Rodney Sieh, the publisher and editor-in-chief of FrontPage Africa, writes from jail for The New York Times on the Liberian paper's harsh financial penalty handed down from the court that he could neither pay nor afford to appeal. He looks at the questionable claims of press freedom and democracy in his country, the influence of politics on the courts, and the intimidation of journalists.
The New York Times examines the challenge of reporting in Syria and the shift in this conflict to a stronger dependence on social media to help chronicle events there. A few organizations are in Damascus and elsewhere in Syria, but many are creating partnerships or relying on aggregator sites to help them build a fair picture of the scene.
Margaret Sullivan, the public editor for The New York TImes, reflects on her first year in the role. She believes she's made some progress in listening to readers' concerns and helping the newsroom understand them. She docks herself marks for some of her observations. She wishes she'd had more impact in areas like the use of anonymous sources. And she pledges to pay more attention to newsroom economics and how the Times intends to diversify its revenue through such things as conferences and events involving its journalists.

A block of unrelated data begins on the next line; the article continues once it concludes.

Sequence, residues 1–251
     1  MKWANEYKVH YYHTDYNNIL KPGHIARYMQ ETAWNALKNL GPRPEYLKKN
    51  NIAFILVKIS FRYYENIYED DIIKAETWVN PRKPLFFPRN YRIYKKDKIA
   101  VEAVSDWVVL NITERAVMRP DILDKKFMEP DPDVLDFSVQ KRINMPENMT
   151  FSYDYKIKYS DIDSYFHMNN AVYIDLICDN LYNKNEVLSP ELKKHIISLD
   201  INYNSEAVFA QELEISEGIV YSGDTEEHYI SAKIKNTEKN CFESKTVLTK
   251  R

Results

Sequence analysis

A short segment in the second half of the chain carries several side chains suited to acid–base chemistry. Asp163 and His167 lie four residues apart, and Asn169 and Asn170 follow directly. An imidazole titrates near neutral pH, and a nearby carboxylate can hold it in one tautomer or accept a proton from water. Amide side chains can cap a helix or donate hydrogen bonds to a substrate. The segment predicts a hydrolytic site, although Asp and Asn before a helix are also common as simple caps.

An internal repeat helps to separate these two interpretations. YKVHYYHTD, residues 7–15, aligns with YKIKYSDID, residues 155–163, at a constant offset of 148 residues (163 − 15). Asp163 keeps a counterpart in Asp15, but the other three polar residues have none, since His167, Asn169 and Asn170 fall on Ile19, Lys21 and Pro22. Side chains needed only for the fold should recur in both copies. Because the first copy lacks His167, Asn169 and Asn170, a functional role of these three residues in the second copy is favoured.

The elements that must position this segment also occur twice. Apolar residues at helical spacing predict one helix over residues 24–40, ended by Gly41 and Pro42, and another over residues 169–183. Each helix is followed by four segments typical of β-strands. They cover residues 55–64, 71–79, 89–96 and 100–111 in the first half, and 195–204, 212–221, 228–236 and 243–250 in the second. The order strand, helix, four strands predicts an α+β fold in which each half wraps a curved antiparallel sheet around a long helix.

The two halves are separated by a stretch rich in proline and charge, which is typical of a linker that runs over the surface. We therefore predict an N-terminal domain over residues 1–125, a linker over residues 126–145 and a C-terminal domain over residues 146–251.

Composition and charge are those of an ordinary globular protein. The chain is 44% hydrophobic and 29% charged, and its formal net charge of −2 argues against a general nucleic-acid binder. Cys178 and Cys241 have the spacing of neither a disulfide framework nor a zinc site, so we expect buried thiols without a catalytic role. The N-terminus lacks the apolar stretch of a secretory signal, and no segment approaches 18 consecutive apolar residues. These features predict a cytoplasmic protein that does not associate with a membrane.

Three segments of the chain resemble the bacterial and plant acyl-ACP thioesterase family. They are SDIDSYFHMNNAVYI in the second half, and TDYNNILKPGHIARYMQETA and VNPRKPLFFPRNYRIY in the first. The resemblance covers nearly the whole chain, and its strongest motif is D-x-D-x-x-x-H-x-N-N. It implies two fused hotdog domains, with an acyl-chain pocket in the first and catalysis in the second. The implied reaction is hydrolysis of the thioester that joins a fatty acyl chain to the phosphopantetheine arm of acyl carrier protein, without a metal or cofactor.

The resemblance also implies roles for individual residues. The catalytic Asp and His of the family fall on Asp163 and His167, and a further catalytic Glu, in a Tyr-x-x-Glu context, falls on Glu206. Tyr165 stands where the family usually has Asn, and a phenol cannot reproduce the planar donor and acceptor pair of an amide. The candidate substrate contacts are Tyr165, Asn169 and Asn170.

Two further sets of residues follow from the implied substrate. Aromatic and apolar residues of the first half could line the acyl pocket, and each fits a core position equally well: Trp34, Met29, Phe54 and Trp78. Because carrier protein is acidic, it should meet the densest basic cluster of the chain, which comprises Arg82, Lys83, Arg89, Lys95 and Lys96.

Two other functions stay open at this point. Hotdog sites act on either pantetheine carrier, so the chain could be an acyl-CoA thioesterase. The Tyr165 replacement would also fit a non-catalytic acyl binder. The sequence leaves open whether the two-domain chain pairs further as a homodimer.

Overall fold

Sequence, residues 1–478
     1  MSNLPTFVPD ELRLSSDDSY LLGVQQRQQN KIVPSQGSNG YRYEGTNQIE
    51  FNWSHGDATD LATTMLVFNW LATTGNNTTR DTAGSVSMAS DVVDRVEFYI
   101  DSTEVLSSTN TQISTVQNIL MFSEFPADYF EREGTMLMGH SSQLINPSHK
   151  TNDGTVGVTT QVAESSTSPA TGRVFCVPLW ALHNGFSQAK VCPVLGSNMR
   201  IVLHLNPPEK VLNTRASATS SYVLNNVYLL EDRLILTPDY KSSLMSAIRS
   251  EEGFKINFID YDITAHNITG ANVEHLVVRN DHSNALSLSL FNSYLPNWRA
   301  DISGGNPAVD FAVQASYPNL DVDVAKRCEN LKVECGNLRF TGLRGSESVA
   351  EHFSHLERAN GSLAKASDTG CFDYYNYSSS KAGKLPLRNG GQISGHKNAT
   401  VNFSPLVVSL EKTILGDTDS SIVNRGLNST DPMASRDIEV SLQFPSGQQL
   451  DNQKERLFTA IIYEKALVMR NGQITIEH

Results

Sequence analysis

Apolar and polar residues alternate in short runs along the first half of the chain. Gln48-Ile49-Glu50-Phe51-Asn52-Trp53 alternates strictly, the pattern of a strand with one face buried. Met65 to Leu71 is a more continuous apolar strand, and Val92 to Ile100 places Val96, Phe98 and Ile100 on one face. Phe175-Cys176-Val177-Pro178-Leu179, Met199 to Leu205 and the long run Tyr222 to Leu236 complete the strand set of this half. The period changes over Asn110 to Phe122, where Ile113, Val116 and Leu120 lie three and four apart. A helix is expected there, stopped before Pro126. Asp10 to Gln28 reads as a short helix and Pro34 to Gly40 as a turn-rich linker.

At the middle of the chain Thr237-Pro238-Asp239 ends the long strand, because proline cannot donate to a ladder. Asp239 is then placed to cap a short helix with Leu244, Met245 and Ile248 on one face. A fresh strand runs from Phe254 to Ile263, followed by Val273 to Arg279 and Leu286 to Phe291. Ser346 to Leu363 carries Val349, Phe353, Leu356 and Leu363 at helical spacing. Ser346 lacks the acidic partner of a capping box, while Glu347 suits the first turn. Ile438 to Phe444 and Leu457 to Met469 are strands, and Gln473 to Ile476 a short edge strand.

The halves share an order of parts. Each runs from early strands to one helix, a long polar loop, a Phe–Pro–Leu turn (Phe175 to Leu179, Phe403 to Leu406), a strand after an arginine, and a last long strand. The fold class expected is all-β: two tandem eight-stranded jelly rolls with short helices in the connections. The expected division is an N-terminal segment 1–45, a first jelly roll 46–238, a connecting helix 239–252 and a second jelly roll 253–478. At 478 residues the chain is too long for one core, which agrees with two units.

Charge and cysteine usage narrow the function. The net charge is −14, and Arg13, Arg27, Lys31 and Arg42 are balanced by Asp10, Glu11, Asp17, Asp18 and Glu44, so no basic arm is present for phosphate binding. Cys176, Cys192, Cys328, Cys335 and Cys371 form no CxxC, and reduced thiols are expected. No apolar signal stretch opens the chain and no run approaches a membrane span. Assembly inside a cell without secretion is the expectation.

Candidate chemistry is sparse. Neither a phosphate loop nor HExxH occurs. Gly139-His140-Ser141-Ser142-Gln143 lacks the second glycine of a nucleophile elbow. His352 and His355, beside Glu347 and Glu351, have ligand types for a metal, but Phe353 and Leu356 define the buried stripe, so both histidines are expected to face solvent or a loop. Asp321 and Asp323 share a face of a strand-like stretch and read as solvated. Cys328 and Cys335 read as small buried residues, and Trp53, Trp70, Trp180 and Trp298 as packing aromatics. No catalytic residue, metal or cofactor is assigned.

Felix Salmon, in his latest blog post for Reuters, wonders if there is too much concern and emphasis on identifying and studying the business model in today's journalism. He thinks the proper emphasis is in creating journalism people and advertisers want, even in small measure, to propel reputation, attract creators and advertisers alike, and sustain.